Children who are more developmentally-ready – those who are more physically, emotionally, socially and intellectually ready to learn in kindergarten – are often grouped accordingly (sometimes called ability grouping), and therefore are learning more and are pushed more than the other students in the class.
They aren’t necessarily smarter than their peers – I repeat, they aren’t necessarily smarter than their peers. They are simply developmentally older, and old enough to take advantage of the curriculum. They are being challenged in a way that will benefit them in the long run. Most likely those students will continue to be put in the more challenging groups for reading and math and continue to excel. These small advantages in the beginning lead to larger advantages over the years, including advantages in both academics and sports when it comes to applying for college. But that’s another subject.
Another interesting point that Gladwell discusses is that teachers often mistake emotional maturity for intellectual maturity. Students who are older are able to control themselves for longer periods of time. They are able to act in a manner that is more acceptable in a classroom. While students who aren’t emotionally mature aren’t necessarily any less intelligent, their teachers may see them as such because they aren’t quite ready to learn yet.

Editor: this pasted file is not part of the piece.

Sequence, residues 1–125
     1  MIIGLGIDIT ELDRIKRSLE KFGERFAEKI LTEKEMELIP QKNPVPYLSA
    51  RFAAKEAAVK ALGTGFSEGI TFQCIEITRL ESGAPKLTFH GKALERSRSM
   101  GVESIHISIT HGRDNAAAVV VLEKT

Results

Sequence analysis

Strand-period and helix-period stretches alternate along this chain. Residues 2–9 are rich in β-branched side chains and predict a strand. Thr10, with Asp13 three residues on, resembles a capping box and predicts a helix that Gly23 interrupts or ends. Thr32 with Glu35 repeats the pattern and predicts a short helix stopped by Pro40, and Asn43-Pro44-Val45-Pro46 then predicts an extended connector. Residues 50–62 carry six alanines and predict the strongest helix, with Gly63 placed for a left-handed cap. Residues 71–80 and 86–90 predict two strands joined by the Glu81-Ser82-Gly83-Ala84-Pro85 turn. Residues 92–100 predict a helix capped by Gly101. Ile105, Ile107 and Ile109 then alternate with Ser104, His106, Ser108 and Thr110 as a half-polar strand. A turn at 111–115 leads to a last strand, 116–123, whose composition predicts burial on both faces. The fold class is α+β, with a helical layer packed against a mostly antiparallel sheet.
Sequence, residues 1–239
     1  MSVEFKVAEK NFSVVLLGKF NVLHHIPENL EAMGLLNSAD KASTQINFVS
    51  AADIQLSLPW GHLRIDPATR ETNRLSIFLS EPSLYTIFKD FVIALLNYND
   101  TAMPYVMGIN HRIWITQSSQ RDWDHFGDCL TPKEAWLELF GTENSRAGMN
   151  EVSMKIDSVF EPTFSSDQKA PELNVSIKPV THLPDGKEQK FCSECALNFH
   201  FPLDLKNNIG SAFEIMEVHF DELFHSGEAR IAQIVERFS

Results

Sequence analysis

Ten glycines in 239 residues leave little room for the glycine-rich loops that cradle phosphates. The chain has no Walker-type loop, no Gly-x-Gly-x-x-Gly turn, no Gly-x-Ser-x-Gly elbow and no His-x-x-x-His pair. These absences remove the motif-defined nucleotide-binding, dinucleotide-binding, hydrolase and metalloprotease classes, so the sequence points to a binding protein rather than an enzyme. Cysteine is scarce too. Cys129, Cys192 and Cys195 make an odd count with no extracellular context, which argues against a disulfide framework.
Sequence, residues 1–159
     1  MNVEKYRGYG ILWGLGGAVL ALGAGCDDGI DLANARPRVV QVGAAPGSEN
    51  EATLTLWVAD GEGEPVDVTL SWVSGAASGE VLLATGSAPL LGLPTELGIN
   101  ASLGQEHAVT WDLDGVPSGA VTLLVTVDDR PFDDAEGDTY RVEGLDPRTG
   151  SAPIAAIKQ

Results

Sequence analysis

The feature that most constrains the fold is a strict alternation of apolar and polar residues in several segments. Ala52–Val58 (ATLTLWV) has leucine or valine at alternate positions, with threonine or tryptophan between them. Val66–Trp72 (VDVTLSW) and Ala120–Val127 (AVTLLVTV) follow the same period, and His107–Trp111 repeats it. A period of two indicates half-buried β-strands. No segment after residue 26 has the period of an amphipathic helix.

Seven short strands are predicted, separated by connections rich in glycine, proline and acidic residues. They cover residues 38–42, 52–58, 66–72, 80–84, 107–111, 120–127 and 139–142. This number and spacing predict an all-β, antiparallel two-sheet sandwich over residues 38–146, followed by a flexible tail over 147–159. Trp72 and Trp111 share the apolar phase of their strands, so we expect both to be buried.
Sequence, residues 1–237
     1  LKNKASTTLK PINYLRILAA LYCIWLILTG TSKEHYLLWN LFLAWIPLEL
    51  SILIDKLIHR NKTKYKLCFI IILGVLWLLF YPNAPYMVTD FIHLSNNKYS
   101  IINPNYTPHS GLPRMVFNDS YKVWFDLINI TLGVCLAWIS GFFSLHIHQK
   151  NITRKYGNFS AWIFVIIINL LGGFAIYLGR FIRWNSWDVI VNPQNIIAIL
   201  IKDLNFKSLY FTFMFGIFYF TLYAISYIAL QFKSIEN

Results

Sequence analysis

A child’s confidence is also a major factor in their success in school. Developmental readiness can be a self-fulfilling prophecy – if the teacher sees your child as a capable and confident student, and your child sees that in themselves as well, they most likely will live up to this expectation. Teachers teaching enthusiastic, capable students – that’s part of what makes for a great school.
All of these factors should be taken into consideration when deciding whether to send your child to Kindergarten or to give them the “gift of time,” in either preschool or a developmental Kindergarten program.